By: Bob Pease
Like the origin of an illegitimate unwanted child. Hunter Class Rifle shooting began somewhere around 1963 when several groups seemed almost simultaneously to develop interest in shooting center fire cartridges on a small bore type target for score from benchrest at 100 yards. Rifles. methods and rules varied as did the course of fire as well as the scoring of the targets but the basic idea was thus conceived. Largely through the efforts of PRECISION SHOOTING the rules became more similar with at least a semblance of balance occurring in the equipment.
During the late stages of that pregnancy. even though it appeared that triplets were a possibility, the exchange of information made possible in the pages of P.S. developed continuity. When it appeared that the illegitimate offspring called Hunter Class might achieve some degree of recognition plus considerable interest not less than three parental sources stepped forward to claim parenthood. It seemed that Midland, Texas, Chippewa, Ohio and Puget Sound, Washington all had considerable interest along similar lines and each had proposed recognition by the National Bench Rest Shooters Association as a benchrest class.
In 1966 the NBRSA adopted Hunter Class with an official Hunter Class target hastily created. Other than the appearance of their official Registered NBRSA emblem on each and every target NBRSA did little else to help their newly adopted offspring preferring instead to kick it out of the picture of State, Regional and National events as well as any prestigious recognition of World Records. Even the targets were a joke having been incorrectly printed. Under the coercion of NBRSA all existing incorrect targets had to be used up before any replacement was possible.
More and more Hunter Class matches were scheduled, new clubs were born and eventually new shooters came into the ranks of the Varmint Classes from their Hunter Class origins. Hunter Class provided a low cost. simple way for new people to learn whether or not the appeal of shooting from a bench motivated them. Those who did improved greatly in both knowledge as well as equipment and soon wanted to try thelr expertise In recognized legitimate matches.
Those to whom the game did not appeal left with very little loss of face or money outlayed for extremely sophisticated equipment having had, rifles that really could be used in varmint hunting as well as informal paper punching.
Original rules specified a Hunter Class Rifle .as one weighing not. over ten pounds complete with a scope that could not exceed 6X magnification. That rule remains unchanged to this day. Each rifle must have a magazine capable of handling two loaded rounds plus the bore size MUST be 6mm or greater. The cartridge must be able to contain powder equivalent to that of a .30-30 case later defined as 45.5 grains of water capacity.
One shot is fired at each of five record bulls eyes with a sixth bull on the target available for as many sighter shots as the shooter desires. A time limit of seven minutes per target with a total of five targets providing an aggregate POSSIBLE score of 250-25X’s Which has never been achieved. Scaled up targets are used to repeat the entire match at 200 yards and 300 yards for those clubs having the facilities or expertise to stage such matches. Targets have been approved that today are identical from either of the existing governing bodies.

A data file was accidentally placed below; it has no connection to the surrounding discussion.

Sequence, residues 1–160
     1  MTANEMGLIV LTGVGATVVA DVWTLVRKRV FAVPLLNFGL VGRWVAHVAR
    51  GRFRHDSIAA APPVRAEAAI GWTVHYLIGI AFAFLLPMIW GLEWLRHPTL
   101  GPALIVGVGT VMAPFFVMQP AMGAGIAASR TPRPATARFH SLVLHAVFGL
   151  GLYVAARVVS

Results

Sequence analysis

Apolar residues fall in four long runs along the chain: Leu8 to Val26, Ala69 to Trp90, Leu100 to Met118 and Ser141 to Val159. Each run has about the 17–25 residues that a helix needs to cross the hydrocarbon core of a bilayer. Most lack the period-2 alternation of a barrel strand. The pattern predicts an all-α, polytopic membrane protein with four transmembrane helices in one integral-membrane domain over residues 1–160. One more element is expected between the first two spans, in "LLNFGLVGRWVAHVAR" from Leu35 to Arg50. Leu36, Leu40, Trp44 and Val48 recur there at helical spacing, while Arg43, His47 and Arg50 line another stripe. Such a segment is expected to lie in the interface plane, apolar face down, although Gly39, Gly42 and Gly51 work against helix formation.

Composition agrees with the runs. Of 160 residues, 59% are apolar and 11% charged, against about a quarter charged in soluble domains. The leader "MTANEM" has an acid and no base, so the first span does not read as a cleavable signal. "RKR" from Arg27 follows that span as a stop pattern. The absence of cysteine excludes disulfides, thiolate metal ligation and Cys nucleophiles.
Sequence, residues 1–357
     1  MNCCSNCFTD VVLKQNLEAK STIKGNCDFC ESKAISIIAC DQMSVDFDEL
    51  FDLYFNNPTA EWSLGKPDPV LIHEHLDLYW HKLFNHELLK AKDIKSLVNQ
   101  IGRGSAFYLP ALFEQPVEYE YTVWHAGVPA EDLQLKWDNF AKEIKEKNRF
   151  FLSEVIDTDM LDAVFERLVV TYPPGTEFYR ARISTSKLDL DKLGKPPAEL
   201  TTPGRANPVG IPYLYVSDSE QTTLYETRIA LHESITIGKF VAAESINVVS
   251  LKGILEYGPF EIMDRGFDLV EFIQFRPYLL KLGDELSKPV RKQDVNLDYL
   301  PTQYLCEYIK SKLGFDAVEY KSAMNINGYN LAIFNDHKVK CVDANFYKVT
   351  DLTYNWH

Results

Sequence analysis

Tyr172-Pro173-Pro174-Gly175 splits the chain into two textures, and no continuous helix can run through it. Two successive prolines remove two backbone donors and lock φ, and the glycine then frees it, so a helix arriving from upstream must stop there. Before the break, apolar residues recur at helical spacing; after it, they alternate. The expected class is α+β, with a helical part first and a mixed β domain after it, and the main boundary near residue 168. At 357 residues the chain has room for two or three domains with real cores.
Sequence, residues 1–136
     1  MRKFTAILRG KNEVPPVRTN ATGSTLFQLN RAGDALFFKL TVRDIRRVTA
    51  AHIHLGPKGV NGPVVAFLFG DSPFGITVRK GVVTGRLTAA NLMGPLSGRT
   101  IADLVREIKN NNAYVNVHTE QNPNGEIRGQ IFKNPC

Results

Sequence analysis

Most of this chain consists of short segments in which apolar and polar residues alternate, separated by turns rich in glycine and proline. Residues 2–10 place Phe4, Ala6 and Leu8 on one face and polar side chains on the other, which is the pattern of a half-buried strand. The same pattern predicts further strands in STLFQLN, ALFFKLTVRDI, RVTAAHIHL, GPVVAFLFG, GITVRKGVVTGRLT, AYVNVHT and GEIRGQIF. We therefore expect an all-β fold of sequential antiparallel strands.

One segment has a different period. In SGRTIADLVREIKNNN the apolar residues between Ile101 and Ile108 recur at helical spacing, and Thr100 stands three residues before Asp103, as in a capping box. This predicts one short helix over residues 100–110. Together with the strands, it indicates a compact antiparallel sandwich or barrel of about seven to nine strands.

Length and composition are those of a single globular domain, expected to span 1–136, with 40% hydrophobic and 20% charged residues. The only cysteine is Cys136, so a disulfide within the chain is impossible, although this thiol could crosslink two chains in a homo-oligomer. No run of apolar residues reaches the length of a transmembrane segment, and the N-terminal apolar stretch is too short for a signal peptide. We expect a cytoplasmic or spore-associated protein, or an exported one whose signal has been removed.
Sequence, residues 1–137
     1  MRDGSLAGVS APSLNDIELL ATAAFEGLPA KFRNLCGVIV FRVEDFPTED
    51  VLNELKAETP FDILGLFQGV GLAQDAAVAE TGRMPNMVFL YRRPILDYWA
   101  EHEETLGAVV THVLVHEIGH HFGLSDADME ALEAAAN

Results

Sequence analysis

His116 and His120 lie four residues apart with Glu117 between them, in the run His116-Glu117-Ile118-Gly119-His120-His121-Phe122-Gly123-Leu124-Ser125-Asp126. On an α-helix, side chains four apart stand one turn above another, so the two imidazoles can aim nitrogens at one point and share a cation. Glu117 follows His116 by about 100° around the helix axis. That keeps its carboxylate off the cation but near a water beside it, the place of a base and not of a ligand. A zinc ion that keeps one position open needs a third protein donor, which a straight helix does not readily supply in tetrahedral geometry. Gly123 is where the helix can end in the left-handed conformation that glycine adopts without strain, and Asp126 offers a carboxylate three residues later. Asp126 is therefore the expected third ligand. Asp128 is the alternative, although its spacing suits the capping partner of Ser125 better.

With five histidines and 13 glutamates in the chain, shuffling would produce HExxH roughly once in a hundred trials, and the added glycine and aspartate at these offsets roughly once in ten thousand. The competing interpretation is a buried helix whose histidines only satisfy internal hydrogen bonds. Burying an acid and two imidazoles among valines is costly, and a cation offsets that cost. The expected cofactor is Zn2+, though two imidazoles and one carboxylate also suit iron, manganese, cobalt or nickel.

Waiting to see how their illegitimate adopted offspring grew over the formative years things remained status quo for the first four years. Shooters were enthralled with the new game, it’s simplicity caused them to spend all their time upgrading cartridges, barrels, techniques, mounts, and chamberings in their passion to reach the coveted perfect 250 score on the CORRECTED official target. Most competition was on the local level with no thought to interregional match efforts. The .243 Win., 6mm Rem., and .308 Win. were the basic cartridges with Sierra bullets the almost universal choice. *
The only wildcat to gain much popularity was the 6-250 which, though minimal in meeting the capacity requirement, performed well when good bullets could be obtained, providing a low recoil small hole puncher. The .308 however provided the largest bullet imprint –giving higher scoring possibilities -for those who could consistently handle it’s back talk in a ten pound rifle.
In those days the NBRSA acted as a clearing house of approval, providing a list of legitimate cartridges that WOULD meet the minimum to avoid the necessity of actually checking cases at a match. The bullet availability in the late ’60’s left much to be desired even a few excursions into the .25, 6.5, .277 and 7mm bore sizes accomplished little with the total absence of any match quality bullet.
Struggling along., content with improvement or experimentation, little was .done toward. Any further recognition of the class on a National basis. In 1969 the devastating Spilt wlthin the NBRSA took place with the seceding Eastern portion forming the International Benchrest Shooters ( I.B.S.) as a sanctioning body in 1970.
The NBRSA retained the less populated western three fourths of the U.S. while the IBS added Canada to it’s highly populated eastern block. Resulting membership stayed about equal within two years with over 50% of each body’s members retaining dual membership. Well aware of the failings of the NBRSA, the I.B.S. began in their organizational meeting of 1970 by immediately recognizing and encouraging Hunter Class. Recognition was promised in their retained official publication, PRECISION SHOOTING Magazine with the direct result of the first “World” International Hunter Class match being held at Dauphin, PA on Sept. 18-19, 1971 and the results given excellent coverage in PRECISION SHOOTING Magazine.